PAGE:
The Meal Matters Most

Stress musings and perspectives


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Twitter Response: The Magic of Exercise: How exercise protects the brain from stress-induced depression

New study and Twitter chat:

The magic of exercise: How physical exercise protects the brain from stress-induced depression http://t.co/FZZgTXjMwY @sweatscience

— Timothy Caulfield (@CaulfieldTim) September 29, 2014

A profoundly interesting and important study on how exercise or state of physical health can be protective against stress-induced depression. I enjoy Alex Hutchinson, he comes from the science of exercise and has an open mind and desire to delve into epigenetics as “guided evolution”.  I follow his posts and like his book “Which comes first Cardio or Weights“.

Timothy Caulfield while a “skeptic” naysayer, he advocates typically for a generalized “diet and exercise”.  I personally prefer a more detailed clarity of the nuances and caveats involved. Which is why he leans toward the linear perspective (defaulting to the average), while I the nonlinear perspective.

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Can we start being as kind to Saturated Fat as we would an (unfairly) Jilted Lover?

My Sunday morning peruse of recipes and news led me to click on Jamie Oliver’s post “Dairy & gluten-free Chocolate Chip and Avocado Cookies”. It started off very politically correct and Jamie (correction: This was written by Bee Berrie of Bee’s Bakery) carefully skirting any political do’s or don’ts of agreement on removing such things as gluten and dairy and just discussing the joys of learning something new. This is the way many of us live our lives exploring options and respecting others curiosity and even issues. He does such a great job of expressing this until he gets to one sentence. “… butter is high in saturated fat – the bad type of fat that can increase the levels of cholesterol in your bloodstream”. I don’t blame Jamie Bee she is only repeating what she has heard. Replacing or getting larger variety of fats is healthy for us. But calling saturated fat “bad” is like yelling at your dog or your lover that he/she is bad when they misbehave. Continue reading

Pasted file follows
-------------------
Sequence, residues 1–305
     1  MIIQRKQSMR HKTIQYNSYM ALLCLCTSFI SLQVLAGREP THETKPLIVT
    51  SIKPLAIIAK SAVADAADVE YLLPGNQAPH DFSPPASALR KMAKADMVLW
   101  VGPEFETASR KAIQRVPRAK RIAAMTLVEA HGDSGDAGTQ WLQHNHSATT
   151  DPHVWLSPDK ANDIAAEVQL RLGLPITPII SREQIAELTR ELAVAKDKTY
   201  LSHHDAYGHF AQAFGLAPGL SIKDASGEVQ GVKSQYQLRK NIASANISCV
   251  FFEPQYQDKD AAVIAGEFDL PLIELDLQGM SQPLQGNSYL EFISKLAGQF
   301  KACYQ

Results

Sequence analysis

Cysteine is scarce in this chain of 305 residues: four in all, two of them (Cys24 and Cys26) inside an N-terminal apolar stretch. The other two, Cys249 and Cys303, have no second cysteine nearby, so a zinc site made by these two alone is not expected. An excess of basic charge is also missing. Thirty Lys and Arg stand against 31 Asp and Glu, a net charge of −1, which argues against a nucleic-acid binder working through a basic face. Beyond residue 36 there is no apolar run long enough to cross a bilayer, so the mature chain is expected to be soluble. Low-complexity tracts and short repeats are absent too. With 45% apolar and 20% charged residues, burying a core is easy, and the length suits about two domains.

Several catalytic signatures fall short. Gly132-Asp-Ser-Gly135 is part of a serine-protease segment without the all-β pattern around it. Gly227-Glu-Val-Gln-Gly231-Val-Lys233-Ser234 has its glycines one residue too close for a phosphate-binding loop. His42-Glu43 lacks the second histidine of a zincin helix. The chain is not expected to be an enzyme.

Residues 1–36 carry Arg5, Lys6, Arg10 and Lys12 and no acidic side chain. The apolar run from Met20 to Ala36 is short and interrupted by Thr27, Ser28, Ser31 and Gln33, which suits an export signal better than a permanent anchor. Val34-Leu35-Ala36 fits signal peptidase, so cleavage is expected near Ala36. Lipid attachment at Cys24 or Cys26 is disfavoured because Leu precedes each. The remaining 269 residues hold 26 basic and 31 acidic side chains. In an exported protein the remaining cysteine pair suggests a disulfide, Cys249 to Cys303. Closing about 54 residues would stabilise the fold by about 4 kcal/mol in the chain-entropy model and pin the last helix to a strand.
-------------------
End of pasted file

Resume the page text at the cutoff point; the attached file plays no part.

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How do you classify “good food”?

A recent question “What exactly is good food?”:

Here’s my reply…

For me I take the philosophy of a “stress approach” and systems (it depends on the system) approach to good food. So  fats/sugars can be physiologically stressful, so balance those main (high quality sourced) macronutrients (meat-carb-fat) with quality micronutrients (whole fruit, vegetables, herbs) or traditional sauce condiments that include fermented foods or dairy (probiotic source). This creates a “balanced” meal for our systems that is also delicious!

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A Stress Perspective on the Challenge of ALS

I haven’t been challenged to a bucket of ice, but a day or so ago I spent an unexpected hour with a woman who recently lost her husband to ALS. We talked about what I do on my blog about stress mechanisms and disease and we had a good cry together. What I did resonated with her and her experience and she in her own way challenged me that I need to share what I know in whatever way I can. So here is my challenge to put together a post on ALS and stress mechanisms.

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Michael Pollan thinks the Paleo diet is wrong. Here is why I think he’s wrong.

Michael Pollan is in Mother Jones with an article entitled: “Michael Pollan explains what’s wrong with the Paleo Diet” by Cynthia Graber (Jan. 17, 2014). It’s a great article and Michael is a great inspiration but he seemingly doesn’t know all that much about human physiology nor the science of ecosystems. So while most of what he writes on the history of food and the inspiration “cook for yourself” I love. What I don’t love is that his science leaves much to be desired. He’s not entirely on the wrong track. As a matter of fact I would agree with his general assumptions for maybe a large portion (certainly not all) of the general population a majority of the time: “Eat food. Not too much. Mostly plants”… and now he adds microbes. And that’s the one shining star he has above the medical model of healthy eating is that he includes microbes. Why do we include microbes? He’s got it right that it is our “second genome” and we can greatly influence it. Also that the “germs”, once the immortal enemy, are a  huge part of our immune function (stress reactivity). And he also has it right that we have been unwittingly destroying these all important germs with our out-dated and overly applied “Germ Theory Model of Modern Medicine.”